What Foods Can You Have on a Fat Free Diet?

Updated April 17, 2017

Knowing which foods contain no or low amounts of fats is essential to keep your diet on track. Don't eliminate all fats from your diet as some "good" fats may even help weight loss goals. In addition to eating the right foods, consume 5 to 6 smaller meals daily and drink plenty of water to keep your metabolism high and your digestion functioning properly. Adopt these strategies to boost your chances for a successful weight-loss regime.

Fruit and Vegetables

Fresh fruit and vegetables are totally fat free and offer great nutritional benefit. What's more, they are a great source of fibre, which promotes healthy digestion and proper insulin response. With each meal, fill at least half your plate with fresh vegetables. Fruit is a great desert or snack option.

Egg Whites

Essential for maintaining and repairing muscles and connective tissue, proteins are a vital part of a healthy balanced diet. Digestion of proteins also raises the body's rate of metabolism, helping you to burn more calories. With a protein to fat ratio of 60:1, egg whites are the purest form of protein and contain very few calories.

White Fish

White fish like cod and haddock is a good source of proteins and other nutrients, while containing minute proportions of fat and very few calories. 99.2gr of cod or haddock contains 0.9 grams of fat.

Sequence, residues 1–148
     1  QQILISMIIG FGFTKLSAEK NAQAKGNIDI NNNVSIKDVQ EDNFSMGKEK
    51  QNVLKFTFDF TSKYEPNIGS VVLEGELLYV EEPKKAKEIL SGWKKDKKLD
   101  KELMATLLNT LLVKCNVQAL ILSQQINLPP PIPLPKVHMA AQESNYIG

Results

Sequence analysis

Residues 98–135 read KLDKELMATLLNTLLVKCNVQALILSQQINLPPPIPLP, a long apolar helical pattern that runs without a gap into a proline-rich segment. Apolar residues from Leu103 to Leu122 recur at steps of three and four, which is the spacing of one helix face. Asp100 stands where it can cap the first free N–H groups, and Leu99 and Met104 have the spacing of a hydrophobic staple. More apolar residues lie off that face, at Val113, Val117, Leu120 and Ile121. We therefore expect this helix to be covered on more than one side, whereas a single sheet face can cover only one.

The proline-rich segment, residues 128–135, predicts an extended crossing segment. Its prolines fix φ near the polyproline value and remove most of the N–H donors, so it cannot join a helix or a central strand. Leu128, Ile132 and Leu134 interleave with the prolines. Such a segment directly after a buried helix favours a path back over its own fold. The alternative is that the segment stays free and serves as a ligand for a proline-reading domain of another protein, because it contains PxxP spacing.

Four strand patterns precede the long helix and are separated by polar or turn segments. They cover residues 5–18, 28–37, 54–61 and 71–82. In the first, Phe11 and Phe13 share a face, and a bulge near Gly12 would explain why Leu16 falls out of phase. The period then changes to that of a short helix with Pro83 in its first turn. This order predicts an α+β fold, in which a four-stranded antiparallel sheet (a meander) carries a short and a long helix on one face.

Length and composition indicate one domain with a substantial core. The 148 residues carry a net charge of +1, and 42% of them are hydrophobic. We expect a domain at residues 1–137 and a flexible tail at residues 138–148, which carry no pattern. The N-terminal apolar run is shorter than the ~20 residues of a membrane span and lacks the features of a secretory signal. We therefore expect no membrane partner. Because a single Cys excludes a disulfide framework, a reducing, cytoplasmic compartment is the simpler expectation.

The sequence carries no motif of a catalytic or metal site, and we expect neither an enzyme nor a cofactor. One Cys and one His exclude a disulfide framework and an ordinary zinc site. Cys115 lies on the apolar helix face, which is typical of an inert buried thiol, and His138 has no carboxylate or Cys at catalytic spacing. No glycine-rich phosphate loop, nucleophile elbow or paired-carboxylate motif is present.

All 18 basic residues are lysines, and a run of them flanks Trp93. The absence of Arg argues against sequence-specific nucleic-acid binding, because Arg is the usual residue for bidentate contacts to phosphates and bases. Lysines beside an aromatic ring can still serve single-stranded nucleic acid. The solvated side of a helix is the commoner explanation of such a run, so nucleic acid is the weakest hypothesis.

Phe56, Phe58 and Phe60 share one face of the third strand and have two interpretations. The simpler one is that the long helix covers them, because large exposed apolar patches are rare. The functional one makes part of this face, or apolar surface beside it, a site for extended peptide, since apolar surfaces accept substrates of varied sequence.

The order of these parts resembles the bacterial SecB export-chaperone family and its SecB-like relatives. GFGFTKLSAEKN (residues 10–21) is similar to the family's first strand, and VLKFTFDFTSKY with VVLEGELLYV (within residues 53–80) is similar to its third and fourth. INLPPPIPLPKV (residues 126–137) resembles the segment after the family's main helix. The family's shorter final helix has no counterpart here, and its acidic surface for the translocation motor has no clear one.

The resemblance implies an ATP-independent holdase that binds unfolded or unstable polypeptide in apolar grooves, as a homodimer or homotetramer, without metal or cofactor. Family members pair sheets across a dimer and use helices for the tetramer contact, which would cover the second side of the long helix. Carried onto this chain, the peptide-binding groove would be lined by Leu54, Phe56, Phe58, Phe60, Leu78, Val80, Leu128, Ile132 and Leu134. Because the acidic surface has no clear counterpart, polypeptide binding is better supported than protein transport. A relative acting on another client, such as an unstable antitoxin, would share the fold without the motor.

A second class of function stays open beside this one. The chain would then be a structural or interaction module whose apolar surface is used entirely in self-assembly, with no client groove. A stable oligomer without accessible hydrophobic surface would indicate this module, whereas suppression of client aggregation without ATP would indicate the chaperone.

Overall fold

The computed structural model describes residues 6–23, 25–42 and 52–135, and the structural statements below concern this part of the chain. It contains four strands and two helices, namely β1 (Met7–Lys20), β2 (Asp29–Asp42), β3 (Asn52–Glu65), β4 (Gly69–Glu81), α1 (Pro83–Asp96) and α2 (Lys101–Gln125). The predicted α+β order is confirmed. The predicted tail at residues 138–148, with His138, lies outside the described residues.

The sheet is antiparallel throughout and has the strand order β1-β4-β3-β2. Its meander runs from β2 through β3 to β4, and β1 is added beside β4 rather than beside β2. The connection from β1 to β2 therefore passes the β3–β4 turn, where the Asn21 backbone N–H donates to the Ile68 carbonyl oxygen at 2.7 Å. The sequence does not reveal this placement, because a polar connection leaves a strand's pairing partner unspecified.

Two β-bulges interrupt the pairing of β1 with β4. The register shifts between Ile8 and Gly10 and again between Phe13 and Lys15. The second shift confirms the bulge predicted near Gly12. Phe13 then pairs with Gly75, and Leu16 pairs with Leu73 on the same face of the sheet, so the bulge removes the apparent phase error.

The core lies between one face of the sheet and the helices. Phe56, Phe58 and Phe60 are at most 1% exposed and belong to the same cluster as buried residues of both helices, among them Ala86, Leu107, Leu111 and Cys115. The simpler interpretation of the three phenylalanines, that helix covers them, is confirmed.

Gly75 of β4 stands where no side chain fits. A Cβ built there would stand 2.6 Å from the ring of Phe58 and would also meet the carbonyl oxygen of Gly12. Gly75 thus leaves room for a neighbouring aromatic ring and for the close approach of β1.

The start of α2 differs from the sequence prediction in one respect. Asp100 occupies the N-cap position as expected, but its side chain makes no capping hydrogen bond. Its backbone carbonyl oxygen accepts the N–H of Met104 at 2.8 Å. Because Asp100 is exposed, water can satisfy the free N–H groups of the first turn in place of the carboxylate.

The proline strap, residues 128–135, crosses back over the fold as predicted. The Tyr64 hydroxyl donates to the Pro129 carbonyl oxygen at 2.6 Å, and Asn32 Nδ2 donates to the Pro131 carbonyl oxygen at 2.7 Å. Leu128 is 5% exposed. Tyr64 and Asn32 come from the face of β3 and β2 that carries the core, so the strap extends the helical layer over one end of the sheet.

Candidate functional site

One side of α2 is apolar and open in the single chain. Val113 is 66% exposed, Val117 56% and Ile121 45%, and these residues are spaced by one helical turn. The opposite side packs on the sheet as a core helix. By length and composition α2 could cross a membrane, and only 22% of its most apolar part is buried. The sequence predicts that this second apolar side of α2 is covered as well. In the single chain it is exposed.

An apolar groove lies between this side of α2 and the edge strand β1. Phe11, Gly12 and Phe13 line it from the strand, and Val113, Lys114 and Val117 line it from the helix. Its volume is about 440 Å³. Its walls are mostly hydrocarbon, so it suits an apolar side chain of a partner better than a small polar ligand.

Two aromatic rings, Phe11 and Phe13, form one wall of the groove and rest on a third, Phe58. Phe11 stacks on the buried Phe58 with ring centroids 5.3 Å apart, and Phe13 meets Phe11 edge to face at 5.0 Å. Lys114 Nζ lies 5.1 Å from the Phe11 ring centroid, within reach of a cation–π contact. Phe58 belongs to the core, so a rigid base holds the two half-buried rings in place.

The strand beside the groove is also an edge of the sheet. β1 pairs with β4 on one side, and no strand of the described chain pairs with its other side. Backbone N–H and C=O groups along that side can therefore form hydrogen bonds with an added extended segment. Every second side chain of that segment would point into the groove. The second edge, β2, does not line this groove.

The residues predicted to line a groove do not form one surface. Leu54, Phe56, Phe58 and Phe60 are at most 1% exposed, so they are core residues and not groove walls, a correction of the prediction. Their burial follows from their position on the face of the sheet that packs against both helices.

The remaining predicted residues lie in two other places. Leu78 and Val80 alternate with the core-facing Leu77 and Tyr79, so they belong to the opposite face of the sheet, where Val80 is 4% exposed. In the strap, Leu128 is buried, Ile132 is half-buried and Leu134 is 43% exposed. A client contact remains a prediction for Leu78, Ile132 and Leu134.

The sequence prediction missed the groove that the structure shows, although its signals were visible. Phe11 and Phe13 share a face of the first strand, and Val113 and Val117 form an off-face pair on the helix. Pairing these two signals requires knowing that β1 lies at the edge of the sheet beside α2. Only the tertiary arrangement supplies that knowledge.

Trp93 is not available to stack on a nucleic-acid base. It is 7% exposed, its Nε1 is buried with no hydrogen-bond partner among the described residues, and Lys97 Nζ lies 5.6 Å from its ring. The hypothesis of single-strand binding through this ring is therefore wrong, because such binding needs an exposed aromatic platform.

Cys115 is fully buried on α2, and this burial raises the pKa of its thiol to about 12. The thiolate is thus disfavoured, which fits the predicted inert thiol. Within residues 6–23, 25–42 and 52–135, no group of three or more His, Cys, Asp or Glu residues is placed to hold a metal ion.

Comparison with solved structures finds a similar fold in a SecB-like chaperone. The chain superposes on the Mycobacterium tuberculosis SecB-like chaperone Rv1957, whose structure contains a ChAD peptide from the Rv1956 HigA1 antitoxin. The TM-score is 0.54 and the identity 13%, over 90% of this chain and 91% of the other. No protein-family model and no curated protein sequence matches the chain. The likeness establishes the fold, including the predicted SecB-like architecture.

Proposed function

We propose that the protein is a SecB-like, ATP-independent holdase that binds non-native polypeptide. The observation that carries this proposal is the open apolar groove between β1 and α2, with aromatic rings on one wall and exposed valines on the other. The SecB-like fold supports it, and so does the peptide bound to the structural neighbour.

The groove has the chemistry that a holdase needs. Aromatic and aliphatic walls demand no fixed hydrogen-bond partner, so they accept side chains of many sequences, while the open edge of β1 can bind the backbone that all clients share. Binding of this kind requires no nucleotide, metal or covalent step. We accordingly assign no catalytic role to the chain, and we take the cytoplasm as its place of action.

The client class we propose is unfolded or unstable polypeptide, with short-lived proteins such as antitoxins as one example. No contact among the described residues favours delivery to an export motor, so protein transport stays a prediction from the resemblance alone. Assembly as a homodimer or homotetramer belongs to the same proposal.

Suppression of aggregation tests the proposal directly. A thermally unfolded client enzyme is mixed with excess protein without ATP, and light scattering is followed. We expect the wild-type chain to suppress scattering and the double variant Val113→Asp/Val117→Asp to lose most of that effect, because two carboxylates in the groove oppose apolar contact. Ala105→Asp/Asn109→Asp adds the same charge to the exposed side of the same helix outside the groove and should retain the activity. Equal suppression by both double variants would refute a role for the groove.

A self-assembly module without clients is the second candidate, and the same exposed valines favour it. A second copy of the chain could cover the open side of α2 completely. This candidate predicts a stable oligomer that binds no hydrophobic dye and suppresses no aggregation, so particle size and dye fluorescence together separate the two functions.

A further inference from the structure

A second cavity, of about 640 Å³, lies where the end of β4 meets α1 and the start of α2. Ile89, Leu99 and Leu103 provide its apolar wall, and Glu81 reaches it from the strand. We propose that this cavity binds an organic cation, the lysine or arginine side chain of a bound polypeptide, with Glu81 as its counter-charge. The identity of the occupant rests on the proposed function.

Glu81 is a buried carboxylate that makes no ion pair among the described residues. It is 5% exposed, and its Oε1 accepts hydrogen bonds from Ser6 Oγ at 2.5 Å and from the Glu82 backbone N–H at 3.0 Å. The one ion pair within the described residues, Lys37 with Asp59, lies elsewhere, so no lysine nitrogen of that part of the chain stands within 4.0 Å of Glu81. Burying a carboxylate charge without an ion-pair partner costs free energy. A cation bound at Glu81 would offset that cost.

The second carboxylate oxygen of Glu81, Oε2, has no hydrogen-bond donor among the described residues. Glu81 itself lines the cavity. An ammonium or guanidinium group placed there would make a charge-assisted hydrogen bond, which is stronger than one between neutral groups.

Chicken/Turkey Breasts

Chicken and turkey contain large levels of protein, few calories and little fat. Avoid the fattier cuts and stay away from the skin! 99.2gr of turkey breast contains 0.7 grams of fat, with the equivalent portion of chicken serving up 3.5 grams of fat.

Complex (or Low GI) Carbohydrates

Carbohydrates provide the best source of the energy your body needs. Complex carbohydrates--carbohydrates with a low glycemic index--offer a slow-releasing, sustained source of energy that leaves you feeling full for longer, preventing those cravings for unhealthy snacks. In addition they contain minimal traces of fat. Try to avoid simple sugars found in processed foods, sugary snacks, sweets and confectionery, jams and syrups.

Great complex carbohydrates include brown rice, brown pasta, oats and wholegrain breads and cereals.

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About the Author

Joe Faulkner-Edwards has been a freelancer for the BBC since 2008. He writes and researches innovative new factual entertainment formats and output-related material for BBC Online. Faulkner-Edwards is also a health and fitness expert. His health and lifestyle articles have been featured in "The Leeds Student" newspaper. He holds a Bachelor of Arts in broadcasting from the University of Leeds.